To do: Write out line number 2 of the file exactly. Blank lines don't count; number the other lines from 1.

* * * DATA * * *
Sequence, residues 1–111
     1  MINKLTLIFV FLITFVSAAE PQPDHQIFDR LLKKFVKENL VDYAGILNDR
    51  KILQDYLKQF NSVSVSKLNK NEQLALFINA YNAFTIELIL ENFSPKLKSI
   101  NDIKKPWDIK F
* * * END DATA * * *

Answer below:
     1  MINKLTLIFV FLITFVSAAE PQPDHQIFDR LLKKFVKENL VDYAGILNDR